Re: September Infants and Toddlers
posted at 9/4/2013 11:13 PM EDT
With toddlers I find that if you tell them what TO DO vs. what NOT to do it works better. So instead of saying 'no running' as they are about to go down the hallway, you say, OK, let's walk. Can you walk down the hallway? or even MORE fun, can you tiptoe down the hallway, and then you lead the way with dramatic tiptoeing. Keeps them focused on trying to do it, versus just disobeying. Because running pellmell shrieking at the top of your lungs is much more fun to do, I'l admit, but it wakes the babies up in the baby room, or sets the adults' teeth on edge!
so.. oh, you can't bang on the windows, you'll break them! Can you wipe them? Want a papertowel to wipe the windows? (you can also just spray some water and he can vigorously wash them - gets the movement he is seeking but in positive way.
if it's for attention, I'd ignore the banging adn walk away - he'll go to find out what you're doing in another part of the house.
for the hitting you too hard, I'd tell him 'no hitting, it hurts. use gentle touches, like this' and then take his hand and smooth it down your arm and say Nice, gentle, oh, I like that. And then lather, rinse, repeat 1000 times until he gets it. And if he hits you too hard after that, I'd put him down and say no hitting, it hurts. and walk the heck away from him. He'll get it. I'm not a fan of timeouts, honestly, at this age because it doesn't teach them what you want them TO DO.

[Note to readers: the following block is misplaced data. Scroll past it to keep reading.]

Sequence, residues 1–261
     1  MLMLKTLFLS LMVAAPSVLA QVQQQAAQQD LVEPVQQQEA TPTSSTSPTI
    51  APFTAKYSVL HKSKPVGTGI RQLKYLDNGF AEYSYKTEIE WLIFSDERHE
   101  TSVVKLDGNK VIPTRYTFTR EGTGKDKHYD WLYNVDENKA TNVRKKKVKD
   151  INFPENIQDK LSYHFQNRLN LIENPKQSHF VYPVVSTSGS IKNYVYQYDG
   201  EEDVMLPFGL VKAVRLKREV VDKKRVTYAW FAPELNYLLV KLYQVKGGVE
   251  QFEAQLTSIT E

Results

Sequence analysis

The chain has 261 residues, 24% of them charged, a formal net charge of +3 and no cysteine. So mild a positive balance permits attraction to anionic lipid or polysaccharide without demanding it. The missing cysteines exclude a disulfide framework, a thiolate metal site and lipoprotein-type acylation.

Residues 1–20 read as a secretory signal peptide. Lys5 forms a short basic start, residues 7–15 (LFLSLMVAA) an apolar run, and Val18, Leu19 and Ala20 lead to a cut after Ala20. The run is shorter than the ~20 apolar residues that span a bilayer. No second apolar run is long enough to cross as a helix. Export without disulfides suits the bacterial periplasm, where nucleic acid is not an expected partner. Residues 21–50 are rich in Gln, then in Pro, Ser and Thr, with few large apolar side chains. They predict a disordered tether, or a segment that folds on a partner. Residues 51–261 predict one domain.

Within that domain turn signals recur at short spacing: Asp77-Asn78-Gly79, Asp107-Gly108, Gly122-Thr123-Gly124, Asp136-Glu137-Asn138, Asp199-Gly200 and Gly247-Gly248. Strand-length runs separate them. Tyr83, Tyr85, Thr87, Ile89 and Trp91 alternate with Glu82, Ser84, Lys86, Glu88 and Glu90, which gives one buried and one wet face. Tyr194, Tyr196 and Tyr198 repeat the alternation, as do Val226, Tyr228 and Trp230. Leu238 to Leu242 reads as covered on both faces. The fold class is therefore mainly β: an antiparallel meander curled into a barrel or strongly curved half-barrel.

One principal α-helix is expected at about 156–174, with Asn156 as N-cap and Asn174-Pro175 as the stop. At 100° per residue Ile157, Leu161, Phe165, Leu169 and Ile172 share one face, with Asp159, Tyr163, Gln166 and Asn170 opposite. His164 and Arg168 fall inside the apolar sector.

and then, honestly, you need to understand that an 18 mo old toddler is just driven by his emotions and his desires - oh, look, a window, it's fun to bang! and shriek, hurrah! oh, wow, dog food, let's touch it! let's throw it! wow! they are also full of desires and just don't have the self control to control it. so if they wanna shriek, they do, if they wanna run and bang, they do .... he'll get more in control as he gets older and can do it.
toddlers are great, they are so much FUN but they are also very energetic and you do need to ride that wave to a certain extent - you can't take all the toddler out of them. But you can encourage quieter voices - oh, that's too loud inside, let's use your quiet inside voice.
then later when you go outside, say "okay, now you can use your loud outside voice, let's yell!" and then run around in the backyard and reallly whoop and yell and shriek together - he does need to do that because he cannot be in control all the time.